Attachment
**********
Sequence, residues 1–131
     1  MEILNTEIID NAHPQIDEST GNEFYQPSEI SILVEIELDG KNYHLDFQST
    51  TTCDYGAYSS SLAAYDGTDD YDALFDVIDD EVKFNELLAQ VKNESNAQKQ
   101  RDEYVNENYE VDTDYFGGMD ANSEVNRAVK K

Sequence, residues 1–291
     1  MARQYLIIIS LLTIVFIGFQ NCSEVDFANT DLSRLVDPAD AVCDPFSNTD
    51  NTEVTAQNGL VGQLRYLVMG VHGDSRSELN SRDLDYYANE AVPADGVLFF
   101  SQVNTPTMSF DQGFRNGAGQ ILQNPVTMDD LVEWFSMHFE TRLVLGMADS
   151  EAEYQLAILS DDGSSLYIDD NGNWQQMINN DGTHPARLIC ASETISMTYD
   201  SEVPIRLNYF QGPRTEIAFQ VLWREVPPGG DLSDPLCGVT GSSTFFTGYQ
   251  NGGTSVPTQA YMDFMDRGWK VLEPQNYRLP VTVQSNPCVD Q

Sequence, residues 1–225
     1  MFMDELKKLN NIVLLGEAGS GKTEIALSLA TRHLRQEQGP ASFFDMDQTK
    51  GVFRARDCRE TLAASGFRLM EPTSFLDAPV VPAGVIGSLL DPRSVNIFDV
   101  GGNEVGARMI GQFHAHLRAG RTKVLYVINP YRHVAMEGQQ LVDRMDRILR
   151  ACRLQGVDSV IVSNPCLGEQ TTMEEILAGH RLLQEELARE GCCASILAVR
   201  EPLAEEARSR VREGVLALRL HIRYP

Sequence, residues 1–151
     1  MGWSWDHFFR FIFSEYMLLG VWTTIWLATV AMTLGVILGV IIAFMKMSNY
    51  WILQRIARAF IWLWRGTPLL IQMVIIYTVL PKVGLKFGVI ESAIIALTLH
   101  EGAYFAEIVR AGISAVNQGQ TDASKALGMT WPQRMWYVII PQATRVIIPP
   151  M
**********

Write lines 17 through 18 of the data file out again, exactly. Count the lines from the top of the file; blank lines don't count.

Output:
   201  EPLAEEARSR VREGVLALRL HIRYP

Sequence, residues 1–151